So… finally – Paraty! Another coastal town 🙂
My parents and I arrived in Paraty via bus and checked into a Pousada that definitely had the others beat in terms of location, view, and classy cabin-like architecture. We had the room at the end, so that means a private stairwell and noone walking by! Hammock on the deck added to the appeal. It was the last place we would stay together … and it was such a treat.
The old part of Paraty is really intriguing. I thought I had seen cobblestone streets in Salvador, but I was wrong! Here.. they were huge and even more uneven (if that is possible!). It would most certainly be an impossible task to walk with heals, let alone stilettos! On our first wander down from the pousada (which was on a hill) we thought Paraty was a ghost town – the streets were empty, and storefronts were mostly shut or quiet.. until you got closer to the newer town (not as pretty and nothing special). We did find a plaza right in the heart of the old town, and it looked a bit more livel. That ended up being our place 🙂 We had one “linner” (i.e meal between lunch and dinner time) there the first day, and one dinner (meal later in the evening) there on another night. It was definitely on the most interesting strip with the most action… people sitting outside at tables and live music. There were also several romantic places to dine in Paraty.. and actually despite the configuration (i.e parents and daughter) we did enjoy a candelit dinner in the courtyard of another restaurant, which was very uniquely situated in the midst of trees and flowers. We shared some laughs and several beer .. whilst young lovers stared longingly into eachothers eyes.. haha .. Not really, there were definitely other families there too.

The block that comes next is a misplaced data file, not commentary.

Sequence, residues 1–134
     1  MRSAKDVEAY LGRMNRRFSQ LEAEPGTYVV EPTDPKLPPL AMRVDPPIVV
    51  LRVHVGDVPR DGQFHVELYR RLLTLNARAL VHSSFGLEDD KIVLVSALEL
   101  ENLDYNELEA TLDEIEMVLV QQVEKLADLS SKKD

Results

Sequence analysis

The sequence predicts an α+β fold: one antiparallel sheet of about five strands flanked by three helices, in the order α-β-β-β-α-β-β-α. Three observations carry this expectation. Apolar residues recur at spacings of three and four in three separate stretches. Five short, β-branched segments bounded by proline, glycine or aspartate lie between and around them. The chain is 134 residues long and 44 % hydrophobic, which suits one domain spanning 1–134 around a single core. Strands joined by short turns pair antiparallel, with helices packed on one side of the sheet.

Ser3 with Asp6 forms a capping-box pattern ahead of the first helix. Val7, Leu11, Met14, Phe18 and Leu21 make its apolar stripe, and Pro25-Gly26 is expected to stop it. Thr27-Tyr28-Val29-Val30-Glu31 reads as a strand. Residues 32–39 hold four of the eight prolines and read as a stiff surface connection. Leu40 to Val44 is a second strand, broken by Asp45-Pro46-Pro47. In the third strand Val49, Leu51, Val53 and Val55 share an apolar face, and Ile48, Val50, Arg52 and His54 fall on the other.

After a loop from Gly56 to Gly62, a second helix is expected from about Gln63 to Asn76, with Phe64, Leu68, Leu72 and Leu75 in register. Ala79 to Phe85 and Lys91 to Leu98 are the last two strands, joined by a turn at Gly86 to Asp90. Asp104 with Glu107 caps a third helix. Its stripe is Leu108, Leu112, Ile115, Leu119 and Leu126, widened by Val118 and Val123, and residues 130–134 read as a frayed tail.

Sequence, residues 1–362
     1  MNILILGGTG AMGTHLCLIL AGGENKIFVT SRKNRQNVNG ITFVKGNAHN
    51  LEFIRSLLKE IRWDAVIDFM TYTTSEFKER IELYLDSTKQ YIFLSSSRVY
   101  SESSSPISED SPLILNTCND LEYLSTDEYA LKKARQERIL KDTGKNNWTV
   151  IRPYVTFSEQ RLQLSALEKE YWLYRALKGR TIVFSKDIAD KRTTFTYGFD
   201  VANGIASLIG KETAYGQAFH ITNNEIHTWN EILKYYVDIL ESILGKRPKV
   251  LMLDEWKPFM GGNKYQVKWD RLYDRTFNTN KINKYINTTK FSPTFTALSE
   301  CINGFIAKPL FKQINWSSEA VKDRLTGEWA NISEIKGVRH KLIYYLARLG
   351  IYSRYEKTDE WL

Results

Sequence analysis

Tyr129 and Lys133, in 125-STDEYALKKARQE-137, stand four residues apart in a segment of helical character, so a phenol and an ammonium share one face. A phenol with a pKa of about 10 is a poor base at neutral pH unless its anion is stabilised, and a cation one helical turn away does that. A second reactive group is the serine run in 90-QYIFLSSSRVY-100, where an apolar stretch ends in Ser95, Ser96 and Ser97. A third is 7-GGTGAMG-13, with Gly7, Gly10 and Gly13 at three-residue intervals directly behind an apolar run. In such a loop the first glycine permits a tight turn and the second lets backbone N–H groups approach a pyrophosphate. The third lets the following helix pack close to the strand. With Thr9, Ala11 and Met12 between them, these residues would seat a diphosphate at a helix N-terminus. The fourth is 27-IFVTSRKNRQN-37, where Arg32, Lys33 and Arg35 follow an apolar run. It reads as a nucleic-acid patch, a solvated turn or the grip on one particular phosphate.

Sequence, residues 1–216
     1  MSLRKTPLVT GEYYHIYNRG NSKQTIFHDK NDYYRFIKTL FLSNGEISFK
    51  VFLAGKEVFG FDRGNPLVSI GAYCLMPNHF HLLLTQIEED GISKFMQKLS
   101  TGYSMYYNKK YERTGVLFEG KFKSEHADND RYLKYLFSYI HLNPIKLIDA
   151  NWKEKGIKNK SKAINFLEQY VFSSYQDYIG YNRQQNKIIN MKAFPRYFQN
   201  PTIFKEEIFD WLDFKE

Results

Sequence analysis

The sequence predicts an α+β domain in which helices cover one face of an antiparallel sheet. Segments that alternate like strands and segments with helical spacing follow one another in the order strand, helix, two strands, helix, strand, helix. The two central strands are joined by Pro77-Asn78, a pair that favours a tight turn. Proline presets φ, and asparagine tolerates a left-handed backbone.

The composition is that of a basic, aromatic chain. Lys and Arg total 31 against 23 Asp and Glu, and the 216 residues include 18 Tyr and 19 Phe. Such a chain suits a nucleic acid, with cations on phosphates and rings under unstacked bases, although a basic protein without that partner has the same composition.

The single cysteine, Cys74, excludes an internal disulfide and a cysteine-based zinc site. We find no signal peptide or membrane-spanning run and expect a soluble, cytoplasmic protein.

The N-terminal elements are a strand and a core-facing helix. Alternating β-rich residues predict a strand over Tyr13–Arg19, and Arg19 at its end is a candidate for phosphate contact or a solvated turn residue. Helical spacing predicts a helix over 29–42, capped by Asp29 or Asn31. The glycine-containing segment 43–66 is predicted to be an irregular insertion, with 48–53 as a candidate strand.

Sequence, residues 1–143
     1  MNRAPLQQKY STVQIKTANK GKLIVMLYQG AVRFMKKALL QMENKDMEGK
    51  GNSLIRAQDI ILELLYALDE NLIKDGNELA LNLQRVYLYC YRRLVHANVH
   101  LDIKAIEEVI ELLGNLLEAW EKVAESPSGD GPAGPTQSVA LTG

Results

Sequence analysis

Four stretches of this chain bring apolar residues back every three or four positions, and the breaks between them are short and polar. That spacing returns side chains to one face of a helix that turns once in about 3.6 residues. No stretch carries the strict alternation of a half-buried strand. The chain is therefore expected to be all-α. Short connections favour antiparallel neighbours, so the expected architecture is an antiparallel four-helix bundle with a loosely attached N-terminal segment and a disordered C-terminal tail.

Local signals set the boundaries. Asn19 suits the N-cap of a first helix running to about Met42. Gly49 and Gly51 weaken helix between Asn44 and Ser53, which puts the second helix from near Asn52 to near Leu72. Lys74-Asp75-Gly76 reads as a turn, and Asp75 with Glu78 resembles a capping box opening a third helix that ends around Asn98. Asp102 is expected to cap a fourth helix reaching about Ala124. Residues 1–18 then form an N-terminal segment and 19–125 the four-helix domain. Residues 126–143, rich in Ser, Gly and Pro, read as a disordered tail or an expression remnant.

I liked the feel of Paraty and the old architecture. Something I found pretty interesting was that the storefronts were so high up – about 1-2 feet off of the ground. Roadways were all wet at times, though it had not rained. Turns out (as per our guide on one of the trips) that the tide sometimes comes into town a few blocks during the wet season!
Paraty is a great place to get out and do stuff outside (which, we realized, is why it is so quiet during the day)! We ended up doing another schooner trip and of course, thoroughly enjoyed the fact that it was (a) sun-filled, (b) involved water and beaches, and (c) was cheap! The next day we did another trek (which I thought was even more worth it) for 50 reas (about 30 CAD that involved visiting 3 waterfalls, sliding down a slippery slope (literally) and jumping off vines … and then a visit to a Cachaca distillery. Cachaca is the liquor made from sugarcane which is used in Brazilian Caipirinha (liquor, water, lime, sugar). We tasted all sorts of flavours, from pumpkin to guava to cinnamon. I, myself, am not a fan of hard alcohol but could stomach the pumpkin (though it would be better on pie with icecream ;). Our guide was genuine and very interested in our questions .. and we had an amazing lunch of gorgonzola risotto and salad at this beautiful restaurant in the middle of the hills (range rover jeep took us around).
I wish we could have stayed longer in Paraty .. our last night we opened a bottle of champagne and went to eat a $9 dinner which included the best french fries ever! Mom had chicken stroganoff (which seems to be popular here) and it literally tasted like the best butter chicken i had ever eaten. Strange.
Anyways .. since I am now in Buenos Aires (as of March 29th) I better move along and get to Foz do Iguacu – my first destination solo and my last destination in the wonderful country of Brazil.
🙂 Thanks for staying around to read!